My wife (61) and I (62) have been happily retired for a little over a decade. We've withdrawn at or under the Safe Withdrawal Rates (SWR) since pulling the plug, and are doing fine (maybe better than fine) so far.

We've funded our living expenses mostly through annual sales of taxable MFs to rebalance our portfolio, but this feels like a tactical approach. rather than a strategic one. I'd like to model the (hopefully) remaining 30 years of our withdrawal/social security phase to help answer questions like:

a. what order should we sell assets in? (taxable, IRAs, Roth-IRAs?)
b. should we convert some IRAs to Roth-IRAs before RMDs start kicking in?
c. when should we start SS and pension payments?

I've been looking for a software package that would help us plan for these withdrawal years, but I haven't found much -- just a bunch of articles that say "it depends," and "see your tax professional," (which would be me and Turbo Tax). Has anybody out there found something useful?
I haven't found any useful software out there (at least free anyway). i-orp is ok, but it often recommends way more Roth conversions than seems sensible to me. Ours is a similar situation to you... retired about 7 years, currently (63) me and 64 (DW).

If you're 61/62, then it is really only the next 8-9 years that you can do anything strategic IMO. Once you are subject to RMDs there aren't any levers to pull to change things dramatically.

Through 2017, we lived off of taxable accounts and did Roth conversions to the top of the 15%/12% tax bracket (other than the first year were we did some capital gains trading instead of Roth conversions). So from 2013-2017 we converted about $259k and paid $19k in federal tax (7.4%) since some conversions were offset by deductions, some in the 10% bracket and the rest in the 15%/12% bracket.

However, I found that the amount that I could convert was getting smaller each year because of capital gains from sales of equities to fund living expenses. So in 2018, I changed course and decided to live off of tax deferred account withdrawals and leave the taxable equities to grow and hopefully one day get a stepped-up basis when our kids inherit them while reducing tax-deferred accounts that they'll have to pay taxes on withdrawals.

I do have a simple spreadsheet that models out these withdrawals from now until I turn 70. The amount that we can withdraw at low taxes will reduce a bit when DW starts her SS at 66. Once RMDs start we'll still be in the 22% tax bracket, but the RMDs will be lower so that is a first world problem.

I guess that my epiffany last year was that capital gains from taxable account sales to generate living money were impeding our ability to drain tax-deferred accounts before RMDs start and since those taxable accounts get a stepped-up basis so can be inhetired by our kids tax-free, it didn't make sense to continue using those in our circumstances.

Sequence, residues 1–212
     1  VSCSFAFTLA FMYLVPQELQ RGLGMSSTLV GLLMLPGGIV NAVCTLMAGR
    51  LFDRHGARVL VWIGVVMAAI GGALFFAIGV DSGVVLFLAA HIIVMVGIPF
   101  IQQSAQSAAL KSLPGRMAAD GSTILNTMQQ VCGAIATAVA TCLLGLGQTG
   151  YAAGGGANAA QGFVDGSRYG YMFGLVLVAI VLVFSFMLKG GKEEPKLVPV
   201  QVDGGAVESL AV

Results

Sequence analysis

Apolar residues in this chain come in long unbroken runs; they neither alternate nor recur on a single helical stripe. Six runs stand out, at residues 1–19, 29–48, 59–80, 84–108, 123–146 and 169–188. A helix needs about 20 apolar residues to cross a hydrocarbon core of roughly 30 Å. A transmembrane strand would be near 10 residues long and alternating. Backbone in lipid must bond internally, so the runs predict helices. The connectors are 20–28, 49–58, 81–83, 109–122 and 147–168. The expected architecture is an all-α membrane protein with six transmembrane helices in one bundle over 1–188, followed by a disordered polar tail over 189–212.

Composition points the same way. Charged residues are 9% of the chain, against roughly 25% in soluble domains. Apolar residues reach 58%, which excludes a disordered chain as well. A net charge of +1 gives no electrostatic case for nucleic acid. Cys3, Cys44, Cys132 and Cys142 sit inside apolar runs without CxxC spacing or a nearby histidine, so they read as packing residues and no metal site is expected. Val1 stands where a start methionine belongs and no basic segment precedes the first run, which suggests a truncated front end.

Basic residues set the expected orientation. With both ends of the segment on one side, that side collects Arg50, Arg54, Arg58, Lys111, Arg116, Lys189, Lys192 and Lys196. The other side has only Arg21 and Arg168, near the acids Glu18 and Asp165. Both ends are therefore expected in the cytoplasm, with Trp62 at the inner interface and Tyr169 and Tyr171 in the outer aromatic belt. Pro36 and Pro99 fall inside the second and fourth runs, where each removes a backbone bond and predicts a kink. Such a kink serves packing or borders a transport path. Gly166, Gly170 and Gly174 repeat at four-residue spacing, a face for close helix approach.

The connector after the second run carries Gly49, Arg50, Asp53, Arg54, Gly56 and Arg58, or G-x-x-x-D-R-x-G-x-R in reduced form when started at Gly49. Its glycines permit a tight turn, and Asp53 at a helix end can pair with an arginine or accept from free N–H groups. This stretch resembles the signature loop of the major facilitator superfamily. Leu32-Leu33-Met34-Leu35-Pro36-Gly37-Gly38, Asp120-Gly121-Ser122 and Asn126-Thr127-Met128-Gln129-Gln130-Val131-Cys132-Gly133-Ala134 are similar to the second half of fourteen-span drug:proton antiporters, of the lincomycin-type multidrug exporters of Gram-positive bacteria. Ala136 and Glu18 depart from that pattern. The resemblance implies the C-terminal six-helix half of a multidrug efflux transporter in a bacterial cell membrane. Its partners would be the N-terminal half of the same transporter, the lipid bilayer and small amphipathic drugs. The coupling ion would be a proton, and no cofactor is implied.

YMMV.
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Old 05-14-2019, 03:22 PM   #5
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Really good responses so far -- clearly you guys understand the issues and I agree with most of your comments. Thank you! What a great resource!

I have done some spreadsheets on my own (they used to be my thing, not so sure anymore ...), but I found the hardest thing was estimating our annual tax bill based on some combination of reinvested dividends, interest, LTCG, STCG, and (one day) taxes on SS payments, pensions, and RMDs. I felt like my estimate of taxes might be +/- 30%, even assuming the tax brackets and rates remain unchanged (excepting for inflation). This was more than the difference in our final asset balances if we (a) did nothing differently, and (b) did everything we could for the next 8-9 years to minimize our NPV taxes, so it seemed a like a lot of work that got lost in the uncertainties.

I'll check out i-ORP, but I remember working with that a long time ago, and as I recall, it didn't get me where I think I want to be.
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Old 05-14-2019, 03:25 PM   #6
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...I found the hardest thing was estimating our annual tax bill based on some combination of reinvested dividends, interest, LTCG, STCG, and (one day) taxes on SS payments, pensions, and RMDs.
It's complicated. But in retirement, you should not reinvest dividends in taxable accounts...cash them out! No need to pay taxes on them twice!
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Old 05-14-2019, 05:35 PM   #7
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It is complicated... my spreadsheet actually has a minature federal and state tax calculation embedded into it... and qualified dividends and LTCG at one rate and ordinary income at another complicate it even more.
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Old 05-14-2019, 09:48 PM   #8
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It's complicated. But in retirement, you should not reinvest dividends in taxable accounts...cash them out! No need to pay taxes on them twice!
Agree that in retirement it makes sense to not reinvest divs, just use them as part of your withdrawal. It also could create a wash sale if you need to sell some of the fund.

But I don't see how you get taxed twice on them if you reinvest? You get taxed as divs are paid, reinvesting is reflected in the cost basis, so that you are not taxed twice.

-ERD50
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Old 05-14-2019, 11:13 PM   #9